It is not uncommon for a two year old to tell his or her parent "no" because they do not want to do something. One of the challenges of parenting a toddler is learning how to get them to listen and obey. Here are 3 things you can try to improve your child's obedience.
First, consistency is really important. If you have a child who comes into your room in the middle of the night often to get into your bed and you do not want this to happen, then consistency is key.
If you let your child get in bed with you even a few times, he or she will come to expect it. When you then start the process of making your toddler get back in his or her own bed, your child may scream, cry, or get out of bed again because they think you will give in.
This rule applies with teaching your child to eat, bathe, clean up, and get ready for bed too. You have to be consistent and follow through no matter how hard the day or night might seem at the time. Your child will eventually learn that you are in charge, and your toddler cannot push you around.
Second, consider incorporating a reward system so that your child is more prone to doing certain activities. This is particularly useful for things like going to the restroom while potty training or getting your child to clean up the mess he or she has made.
There is one important thing you need to know about doing rewards though. Start out by doing rewards, but teach your child that rewards will not be given every time because he or she will come to expect it. Slowly taper off the rewards once your toddler has the idea behind what you are trying to teach until you no longer need to give them anymore.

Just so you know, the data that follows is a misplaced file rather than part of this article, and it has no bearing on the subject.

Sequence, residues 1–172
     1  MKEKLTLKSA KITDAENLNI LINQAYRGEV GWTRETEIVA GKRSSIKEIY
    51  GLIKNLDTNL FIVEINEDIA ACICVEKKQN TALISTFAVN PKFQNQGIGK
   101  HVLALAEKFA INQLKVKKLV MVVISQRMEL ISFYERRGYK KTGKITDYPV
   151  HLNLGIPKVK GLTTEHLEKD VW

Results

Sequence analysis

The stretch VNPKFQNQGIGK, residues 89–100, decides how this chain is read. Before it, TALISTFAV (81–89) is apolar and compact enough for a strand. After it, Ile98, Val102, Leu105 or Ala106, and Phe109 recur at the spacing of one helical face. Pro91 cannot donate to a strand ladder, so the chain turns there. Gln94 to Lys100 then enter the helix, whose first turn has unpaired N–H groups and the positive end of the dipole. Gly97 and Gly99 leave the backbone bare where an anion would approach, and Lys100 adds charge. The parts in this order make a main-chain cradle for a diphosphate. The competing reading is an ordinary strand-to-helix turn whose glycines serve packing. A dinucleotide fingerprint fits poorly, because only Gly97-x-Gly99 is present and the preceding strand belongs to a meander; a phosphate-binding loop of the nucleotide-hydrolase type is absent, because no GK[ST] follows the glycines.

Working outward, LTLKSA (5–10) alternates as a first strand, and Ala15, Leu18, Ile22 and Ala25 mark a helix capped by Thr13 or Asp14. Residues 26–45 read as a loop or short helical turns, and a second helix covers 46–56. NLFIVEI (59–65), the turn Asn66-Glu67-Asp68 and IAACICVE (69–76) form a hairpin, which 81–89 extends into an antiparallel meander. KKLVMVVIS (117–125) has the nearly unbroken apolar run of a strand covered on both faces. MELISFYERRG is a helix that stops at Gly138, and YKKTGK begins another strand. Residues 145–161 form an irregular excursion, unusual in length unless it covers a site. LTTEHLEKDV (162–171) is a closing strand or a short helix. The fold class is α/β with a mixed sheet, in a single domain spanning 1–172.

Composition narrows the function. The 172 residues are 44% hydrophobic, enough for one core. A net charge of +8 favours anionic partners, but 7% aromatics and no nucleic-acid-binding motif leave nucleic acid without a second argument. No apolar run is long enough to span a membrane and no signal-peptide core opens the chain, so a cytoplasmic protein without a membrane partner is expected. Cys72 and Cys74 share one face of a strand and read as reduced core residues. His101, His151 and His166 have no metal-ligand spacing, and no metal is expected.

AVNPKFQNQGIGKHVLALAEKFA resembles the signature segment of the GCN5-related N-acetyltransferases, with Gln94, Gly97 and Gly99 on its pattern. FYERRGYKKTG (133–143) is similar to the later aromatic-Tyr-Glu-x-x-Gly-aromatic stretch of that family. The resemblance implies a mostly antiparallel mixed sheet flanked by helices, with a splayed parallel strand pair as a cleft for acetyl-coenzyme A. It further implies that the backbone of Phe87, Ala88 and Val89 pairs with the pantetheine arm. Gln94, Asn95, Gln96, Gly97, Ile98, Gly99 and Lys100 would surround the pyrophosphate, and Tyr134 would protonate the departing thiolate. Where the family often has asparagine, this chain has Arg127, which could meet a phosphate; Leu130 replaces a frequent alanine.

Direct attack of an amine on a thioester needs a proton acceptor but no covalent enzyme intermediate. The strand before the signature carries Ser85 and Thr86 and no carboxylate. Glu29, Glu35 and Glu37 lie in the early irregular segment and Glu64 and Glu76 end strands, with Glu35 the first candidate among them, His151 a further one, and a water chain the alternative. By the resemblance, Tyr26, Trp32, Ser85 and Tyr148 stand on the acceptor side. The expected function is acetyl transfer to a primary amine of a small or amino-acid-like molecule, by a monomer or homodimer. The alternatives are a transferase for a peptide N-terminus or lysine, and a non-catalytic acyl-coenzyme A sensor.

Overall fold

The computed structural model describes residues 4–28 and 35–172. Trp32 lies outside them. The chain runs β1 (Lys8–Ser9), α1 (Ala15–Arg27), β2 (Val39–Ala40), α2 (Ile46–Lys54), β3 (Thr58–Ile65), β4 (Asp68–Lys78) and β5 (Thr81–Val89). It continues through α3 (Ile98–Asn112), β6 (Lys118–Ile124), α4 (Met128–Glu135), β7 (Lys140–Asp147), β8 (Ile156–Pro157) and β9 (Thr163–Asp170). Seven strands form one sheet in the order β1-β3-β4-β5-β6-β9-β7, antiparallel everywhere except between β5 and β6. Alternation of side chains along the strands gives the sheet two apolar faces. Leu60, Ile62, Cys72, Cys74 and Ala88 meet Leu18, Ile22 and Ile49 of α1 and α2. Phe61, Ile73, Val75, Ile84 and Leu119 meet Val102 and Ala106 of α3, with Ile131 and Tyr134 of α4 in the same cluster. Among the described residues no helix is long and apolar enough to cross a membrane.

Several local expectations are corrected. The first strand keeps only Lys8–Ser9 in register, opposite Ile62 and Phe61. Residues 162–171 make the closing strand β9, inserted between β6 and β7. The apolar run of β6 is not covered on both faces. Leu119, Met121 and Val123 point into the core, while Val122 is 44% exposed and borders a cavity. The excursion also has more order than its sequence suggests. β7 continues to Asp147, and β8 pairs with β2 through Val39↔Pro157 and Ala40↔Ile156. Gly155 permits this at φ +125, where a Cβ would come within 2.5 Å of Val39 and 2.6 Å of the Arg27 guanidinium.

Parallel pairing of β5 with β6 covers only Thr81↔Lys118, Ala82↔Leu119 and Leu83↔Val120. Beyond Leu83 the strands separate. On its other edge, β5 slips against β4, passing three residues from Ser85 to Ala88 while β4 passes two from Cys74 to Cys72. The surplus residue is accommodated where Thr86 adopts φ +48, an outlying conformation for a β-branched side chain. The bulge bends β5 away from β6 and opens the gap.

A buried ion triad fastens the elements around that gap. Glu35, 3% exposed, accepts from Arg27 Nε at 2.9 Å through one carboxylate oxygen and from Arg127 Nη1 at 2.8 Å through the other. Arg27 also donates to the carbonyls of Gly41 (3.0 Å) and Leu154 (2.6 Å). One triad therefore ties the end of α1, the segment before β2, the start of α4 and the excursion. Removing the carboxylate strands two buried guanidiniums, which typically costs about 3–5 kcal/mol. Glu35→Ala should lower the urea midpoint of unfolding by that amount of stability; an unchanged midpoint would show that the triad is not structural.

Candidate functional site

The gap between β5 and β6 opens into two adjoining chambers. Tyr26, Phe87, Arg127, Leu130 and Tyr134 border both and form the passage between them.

Otherwise, a reward will be an expectation from your toddler, and he or she may not be as obedient without the reward.
Lastly, choose wisely how you decide to discipline your child. If you really want your child to hear you when he or she is being naughty, then make sure that you do not yell or get angry. Children tend to tune parents out when yelling and anger is involved, and they may not really hear anything you are saying.
Instead, try putting your child in time out and then talk to him or her about the behavior. You can also use a calming jar that is full of colored sparkles to help them sit through time out. All you have to do is mix water and sparkles in a jar with a lid, and then shake the jar up so that the sparkles float around.
When the sparkles settle, your child can come out of time out and should be much calmer. Just remember that you need to be rational and calm even when your child is not.
By doing these 3 things, you can improve your child's obedience and willingness to listen, so apply all of these tips consistently. Contact Associated Psychologists & Counselors for more information.
During my first pregnancy, I spent a lot of time pushing pillows behind my back trying to find comfort. As the size of the baby grew, so did my discomfort. By the time she was born, I was more than ready to give birth. When I found out I was pregnant again, I was determined that I would not suffer through the same discomforts. I started researching ways to ease the symptoms of pregnancy, including back pain. I created this blog to help other expectant moms find remedies to deal with those symptoms that can be emotionally and physically draining.